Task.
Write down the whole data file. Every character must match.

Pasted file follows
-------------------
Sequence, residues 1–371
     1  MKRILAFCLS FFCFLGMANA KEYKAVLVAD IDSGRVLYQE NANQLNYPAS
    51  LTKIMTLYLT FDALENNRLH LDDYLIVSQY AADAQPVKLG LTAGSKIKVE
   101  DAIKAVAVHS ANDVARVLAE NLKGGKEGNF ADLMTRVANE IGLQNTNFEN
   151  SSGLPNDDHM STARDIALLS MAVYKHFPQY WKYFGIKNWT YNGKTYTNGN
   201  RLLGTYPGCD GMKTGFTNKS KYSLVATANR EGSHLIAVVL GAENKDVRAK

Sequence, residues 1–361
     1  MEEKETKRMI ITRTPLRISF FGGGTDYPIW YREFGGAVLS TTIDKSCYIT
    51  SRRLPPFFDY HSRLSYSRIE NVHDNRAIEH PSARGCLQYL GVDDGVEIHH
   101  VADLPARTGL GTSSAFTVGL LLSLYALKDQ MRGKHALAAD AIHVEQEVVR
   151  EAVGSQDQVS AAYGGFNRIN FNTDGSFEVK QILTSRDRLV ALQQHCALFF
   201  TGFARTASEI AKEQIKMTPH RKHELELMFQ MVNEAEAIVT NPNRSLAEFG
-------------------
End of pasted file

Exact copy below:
Sequence, residues 1–371
     1  MKRILAFCLS FFCFLGMANA KEYKAVLVAD IDSGRVLYQE NANQLNYPAS
    51  LTKIMTLYLT FDALENNRLH LDDYLIVSQY AADAQPVKLG LTAGSKIKVE
   101  DAIKAVAVHS ANDVARVLAE NLKGGKEGNF ADLMTRVANE IGLQNTNFEN
   151  SSGLPNDDHM STARDIALLS MAVYKHFPQY WKYFGIKNWT YNGKTYTNGN
   201  RLLGTYPGCD GMKTGFTNKS KYSLVATANR EGSHLIAVVL GAENKDVRAK

Sequence, residues 1–361
     1  MEEKETKRMI ITRTPLRISF FGGGTDYPIW YREFGGAVLS TTIDKSCYIT
    51  SRRLPPFFDY HSRLSYSRIE NVHDNRAIEH PSARGCLQYL GVDDGVEIHH
   101  VADLPARTGL GTSSAFTVGL LLSLYALKDQ MRGKHALAAD AIHVEQEVVR
   151  EAVGSQDQVS AAYGGFNRIN FNTDGSFEVK QILTSRDRLV ALQQHCALFF
   201  TGFARTASEI AKEQIKMTPH RKHELELMFQ MVNEAEAIVT NPNRSLAEFG